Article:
|Publication number||US7069310 B1|
|Application number||US 09/710,654|
|Publication date||Jun 27, 2006|
|Filing date||Nov 10, 2000|
|Priority date||Nov 10, 2000|
|Also published as||US7472175, US8015263, US8725832, US8959181, US20060265477, US20090070438, US20110289189, US20140208205|
|Publication number||09710654, 710654, US 7069310 B1, US 7069310B1, US-B1-7069310, US7069310 B1, US7069310B1|
|Original Assignee||Trio Systems, Llc|
|Export Citation||BiBTeX, EndNote, RefMan|
|Patent Citations (60), Non-Patent Citations (12), Referenced by (219), Classifications (13), Legal Events (7)|
|External Links: USPTO, USPTO Assignment, Espacenet|
1. Field of the Invention
The present invention relates to the generation, transfer, and posting of media data in a computer network environment. More particularly, the invention relates to a client computer based system for creating, processing, encoding, and transferring media files for server based storage, posting, distribution, and retrieval.
2. Background Art
The development of computer technology, computer networks and the Internet has brought about a need for better ways to create, manage and disseminate files. The advancement of the Internet market has only increased this need and allowed providers of such services to maintain a viable business.
However, using current technology, the creation, preparation, management and dissemination of files (e.g., audio, visual media and/or presentation files) over the Internet is a tedious and inefficient process for the typical user. For instance, in order to disseminate an audio or visual presentation over the Internet, a number of steps are required. In addition, many parts of the process require specialized knowledge that many computer users do not have.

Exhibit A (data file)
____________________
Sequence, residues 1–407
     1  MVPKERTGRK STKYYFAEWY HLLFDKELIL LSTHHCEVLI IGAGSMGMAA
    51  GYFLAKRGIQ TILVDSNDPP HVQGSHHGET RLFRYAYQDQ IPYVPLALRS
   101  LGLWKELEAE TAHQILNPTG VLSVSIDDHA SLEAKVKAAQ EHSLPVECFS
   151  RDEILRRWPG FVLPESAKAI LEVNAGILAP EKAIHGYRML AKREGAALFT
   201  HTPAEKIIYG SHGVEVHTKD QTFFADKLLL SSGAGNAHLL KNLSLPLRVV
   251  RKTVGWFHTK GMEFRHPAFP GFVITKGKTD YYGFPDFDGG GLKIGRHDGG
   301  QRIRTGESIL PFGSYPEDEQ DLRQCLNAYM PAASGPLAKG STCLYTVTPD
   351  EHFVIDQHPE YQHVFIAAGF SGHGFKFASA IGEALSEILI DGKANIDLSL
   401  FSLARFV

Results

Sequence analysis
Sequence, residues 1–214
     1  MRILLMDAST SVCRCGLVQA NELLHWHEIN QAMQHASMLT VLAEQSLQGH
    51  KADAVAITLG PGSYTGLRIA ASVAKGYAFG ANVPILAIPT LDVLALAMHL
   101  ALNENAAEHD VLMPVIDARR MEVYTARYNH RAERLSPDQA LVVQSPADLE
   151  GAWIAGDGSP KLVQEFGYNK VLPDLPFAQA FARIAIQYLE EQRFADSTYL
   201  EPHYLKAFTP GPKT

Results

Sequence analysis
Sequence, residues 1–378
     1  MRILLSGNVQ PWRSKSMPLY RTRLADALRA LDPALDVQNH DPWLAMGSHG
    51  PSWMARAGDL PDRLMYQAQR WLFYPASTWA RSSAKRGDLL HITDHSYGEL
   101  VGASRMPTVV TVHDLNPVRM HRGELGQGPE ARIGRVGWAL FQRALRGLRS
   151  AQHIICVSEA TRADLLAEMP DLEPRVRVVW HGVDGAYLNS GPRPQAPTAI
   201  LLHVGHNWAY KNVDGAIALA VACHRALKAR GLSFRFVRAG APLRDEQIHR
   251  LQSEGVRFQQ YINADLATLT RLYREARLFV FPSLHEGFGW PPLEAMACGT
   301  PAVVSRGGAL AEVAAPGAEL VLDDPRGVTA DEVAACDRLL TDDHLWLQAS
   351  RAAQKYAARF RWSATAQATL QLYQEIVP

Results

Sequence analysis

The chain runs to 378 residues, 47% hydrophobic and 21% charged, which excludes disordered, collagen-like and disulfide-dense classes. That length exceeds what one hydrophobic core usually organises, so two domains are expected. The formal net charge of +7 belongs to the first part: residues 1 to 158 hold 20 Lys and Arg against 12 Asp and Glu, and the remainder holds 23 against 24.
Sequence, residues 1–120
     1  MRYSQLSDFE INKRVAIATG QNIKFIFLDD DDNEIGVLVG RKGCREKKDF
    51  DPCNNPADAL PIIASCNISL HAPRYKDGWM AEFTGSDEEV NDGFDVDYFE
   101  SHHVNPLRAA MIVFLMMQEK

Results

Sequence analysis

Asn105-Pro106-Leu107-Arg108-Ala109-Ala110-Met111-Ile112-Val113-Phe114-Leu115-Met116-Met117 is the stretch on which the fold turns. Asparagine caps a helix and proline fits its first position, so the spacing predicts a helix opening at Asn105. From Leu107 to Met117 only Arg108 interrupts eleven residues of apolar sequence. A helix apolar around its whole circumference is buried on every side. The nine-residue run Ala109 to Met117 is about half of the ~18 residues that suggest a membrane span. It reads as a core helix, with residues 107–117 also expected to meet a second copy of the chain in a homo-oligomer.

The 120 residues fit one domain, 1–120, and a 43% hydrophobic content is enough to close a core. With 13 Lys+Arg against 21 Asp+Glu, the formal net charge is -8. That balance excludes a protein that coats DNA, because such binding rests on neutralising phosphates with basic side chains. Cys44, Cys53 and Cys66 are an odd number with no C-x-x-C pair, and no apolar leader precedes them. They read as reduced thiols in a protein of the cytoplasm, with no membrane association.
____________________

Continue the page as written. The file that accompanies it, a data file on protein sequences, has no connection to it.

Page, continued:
Using current systems, a user must first create or record an audio or video file live using a microphone and/or as a compilation of material that may include recordings made live as well as prerecorded offerings, including offerings from various potential inputs. All of these sources must be mixed together into a single recording with the volume and recording level controlled appropriately for each of the components. While programs exist for accomplishing this task, they require a degree of expertise on the part of the user.
In addition, recorded audio files can be digitally signal processed to optimize the quality of the sound using digital signal processing. However, such processing can require many steps including multi-band voice-optimized compression where compression reduces selected signal input (e.g. audio analog compression, not to be confused with data compression or encoding). Current systems also provide a way to optimize other types of files (e.g., video, audio, etc. . . . ) using digital or analog optimization techniques. For example, in order to create professional quality media files, these steps are generally not optional and thus failure to perform them put a web broadcaster at a competitive disadvantage as compared to one who does perform them.
Also, in order to use a file with certain software applications, the file is usually converted into a file format, such as Real Audio™, that can be replayed by that application. File conversion may also be required when the target application is a web browser. For instance, if the intended recipient is a web browser, the file is encoded into a format (e.g., WAV) that the web browser or a help application associated with the web browser is capable of playing. The programs that exist to accomplish this encoding require a degree of expertise on the part of the user.